Tunnel construction bids for the Itasca-Heartland Connection Trail have been requested, received and reviewed.
Kent Skaar, senior project manager for the Minnesota Department of Natural Resources (DNR) Parks and Trails Division, anticipated a bid would be awarded this week. He spoke Monday, April 19 with the citizen-led committee that has championed building the multi-purpose, paved trail between Itasca State Park and the Heartland Trail.
Last fall, the Minnesota Legislature included $2 million in its bonding bill for the trail spur. Another $1.8 million will be provided by the DNR.
Skaar said the winning contractor will be responsible for the preliminary and final design of the tunnel, construction administration and identifying all permitting and wetland components.
“Current schedule would have design this year, construction next year,” he said.
When work on the tunnel begins in 2022, there will be a detour on Hwy. 71.
“It will be relatively short. It’s probably going to be a two, maybe three-window,” Skaar said.
He noted the Minnesota Department of Transportation (MnDOT) is supportive of the project. MnDOT conducted a soil evaluation of the site and found no issues.
The DNR will construct a 1.75-mile trail from the Itasca State Park contact station to U.S. Hwy. 71. Throughout this summer, engineers from the Bemidji DNR office will complete required natural resource and cultural reviews.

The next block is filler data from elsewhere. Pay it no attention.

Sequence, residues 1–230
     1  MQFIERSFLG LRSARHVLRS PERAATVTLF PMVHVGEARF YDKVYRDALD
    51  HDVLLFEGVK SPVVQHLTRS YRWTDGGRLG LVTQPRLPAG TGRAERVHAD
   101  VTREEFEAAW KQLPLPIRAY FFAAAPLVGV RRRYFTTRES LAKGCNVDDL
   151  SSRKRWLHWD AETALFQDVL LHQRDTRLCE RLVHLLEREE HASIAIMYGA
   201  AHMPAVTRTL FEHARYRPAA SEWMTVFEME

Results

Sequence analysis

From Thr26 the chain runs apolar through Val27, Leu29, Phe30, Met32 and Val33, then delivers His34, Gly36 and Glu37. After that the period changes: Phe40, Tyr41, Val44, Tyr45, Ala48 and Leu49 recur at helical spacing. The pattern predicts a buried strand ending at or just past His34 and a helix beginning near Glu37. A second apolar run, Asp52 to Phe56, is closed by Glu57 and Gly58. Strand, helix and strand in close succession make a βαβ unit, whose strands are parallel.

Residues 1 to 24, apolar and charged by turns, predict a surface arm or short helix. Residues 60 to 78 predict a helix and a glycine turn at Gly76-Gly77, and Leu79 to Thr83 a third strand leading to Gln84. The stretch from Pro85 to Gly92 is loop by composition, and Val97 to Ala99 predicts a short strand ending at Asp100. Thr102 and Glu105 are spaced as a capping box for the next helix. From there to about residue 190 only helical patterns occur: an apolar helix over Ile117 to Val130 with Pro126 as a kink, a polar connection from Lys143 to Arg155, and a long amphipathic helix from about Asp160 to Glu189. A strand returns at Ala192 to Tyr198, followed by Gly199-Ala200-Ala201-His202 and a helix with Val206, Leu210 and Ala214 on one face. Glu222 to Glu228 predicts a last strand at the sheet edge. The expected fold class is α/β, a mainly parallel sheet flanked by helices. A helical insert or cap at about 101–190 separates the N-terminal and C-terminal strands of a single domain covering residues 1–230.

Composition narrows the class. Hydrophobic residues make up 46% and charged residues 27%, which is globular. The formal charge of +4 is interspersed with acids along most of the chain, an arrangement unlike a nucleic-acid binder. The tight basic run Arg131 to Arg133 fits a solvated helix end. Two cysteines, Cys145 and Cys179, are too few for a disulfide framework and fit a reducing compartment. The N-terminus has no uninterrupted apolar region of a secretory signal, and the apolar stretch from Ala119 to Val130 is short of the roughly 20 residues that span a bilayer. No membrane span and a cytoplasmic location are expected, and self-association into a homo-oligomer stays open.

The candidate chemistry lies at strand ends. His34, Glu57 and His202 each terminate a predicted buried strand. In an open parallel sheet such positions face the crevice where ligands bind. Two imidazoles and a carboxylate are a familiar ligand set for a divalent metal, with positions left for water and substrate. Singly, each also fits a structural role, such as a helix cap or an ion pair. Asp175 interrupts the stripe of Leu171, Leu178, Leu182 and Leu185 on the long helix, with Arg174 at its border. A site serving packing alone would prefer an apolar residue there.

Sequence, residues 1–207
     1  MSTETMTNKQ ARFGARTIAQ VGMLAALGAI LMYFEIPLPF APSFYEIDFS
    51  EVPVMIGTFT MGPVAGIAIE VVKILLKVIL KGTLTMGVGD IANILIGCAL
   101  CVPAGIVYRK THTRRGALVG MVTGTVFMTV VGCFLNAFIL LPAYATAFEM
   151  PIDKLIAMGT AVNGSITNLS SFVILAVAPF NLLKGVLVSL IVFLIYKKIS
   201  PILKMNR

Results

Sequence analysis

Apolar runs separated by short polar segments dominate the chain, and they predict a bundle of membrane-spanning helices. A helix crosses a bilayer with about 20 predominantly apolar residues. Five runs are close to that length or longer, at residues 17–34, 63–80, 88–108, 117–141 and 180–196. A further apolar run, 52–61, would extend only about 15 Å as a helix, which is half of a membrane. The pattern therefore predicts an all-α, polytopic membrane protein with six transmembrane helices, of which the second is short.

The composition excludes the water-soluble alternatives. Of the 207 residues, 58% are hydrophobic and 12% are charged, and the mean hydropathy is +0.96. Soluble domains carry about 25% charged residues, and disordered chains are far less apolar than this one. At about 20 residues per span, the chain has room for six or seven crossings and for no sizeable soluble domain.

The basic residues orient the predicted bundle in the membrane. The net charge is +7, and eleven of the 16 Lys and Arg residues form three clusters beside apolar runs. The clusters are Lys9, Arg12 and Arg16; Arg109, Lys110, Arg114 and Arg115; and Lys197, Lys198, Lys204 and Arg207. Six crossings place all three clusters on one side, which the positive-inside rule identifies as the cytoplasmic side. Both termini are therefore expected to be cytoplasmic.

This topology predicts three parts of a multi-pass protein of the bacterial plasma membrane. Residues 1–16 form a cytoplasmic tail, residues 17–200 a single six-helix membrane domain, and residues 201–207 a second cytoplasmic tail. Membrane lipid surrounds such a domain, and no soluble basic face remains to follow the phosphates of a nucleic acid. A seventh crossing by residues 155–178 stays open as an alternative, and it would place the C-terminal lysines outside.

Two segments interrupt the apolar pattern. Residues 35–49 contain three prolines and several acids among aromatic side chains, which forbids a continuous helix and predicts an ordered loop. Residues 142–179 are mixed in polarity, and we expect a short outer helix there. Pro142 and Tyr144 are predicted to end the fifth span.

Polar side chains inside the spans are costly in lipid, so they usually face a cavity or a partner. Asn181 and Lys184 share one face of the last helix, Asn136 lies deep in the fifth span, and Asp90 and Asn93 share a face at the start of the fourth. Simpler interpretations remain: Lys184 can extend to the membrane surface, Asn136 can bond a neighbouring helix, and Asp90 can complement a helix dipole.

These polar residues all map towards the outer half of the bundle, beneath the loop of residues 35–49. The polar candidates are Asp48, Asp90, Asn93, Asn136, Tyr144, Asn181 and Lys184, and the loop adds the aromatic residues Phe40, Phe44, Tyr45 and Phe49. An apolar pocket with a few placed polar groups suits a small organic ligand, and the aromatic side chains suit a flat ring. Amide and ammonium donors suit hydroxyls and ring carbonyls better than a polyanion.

The county will establish a preliminary trail on tax-forfeited land east of the tunnel to an established snowmobile trail.
When funds are available, the second phase of trail construction will continue 13 miles east to Emmaville on county land. The third phase will go south eight miles from Emmaville on a county road right-of-way to the intersection with the Heartland Trail.
Hubbard County Land Commissioner Chip Lohmeier reported that he found an abandoned, uncapped well on the 5.4-acre parcel west of County 4 and north of the Heartland Trail. The county purchased the land to establish a new trailhead access.
“We’ll have to get that sealed and capped before anything else can get done,” Lohmeier said, adding there may be an undocumented septic system as well.
He is seeking quotes for leveling a small parking area and adding gravel, signage and a path to the Heartland Trail.
Lohmeier anticipates the new trailhead will open this summer.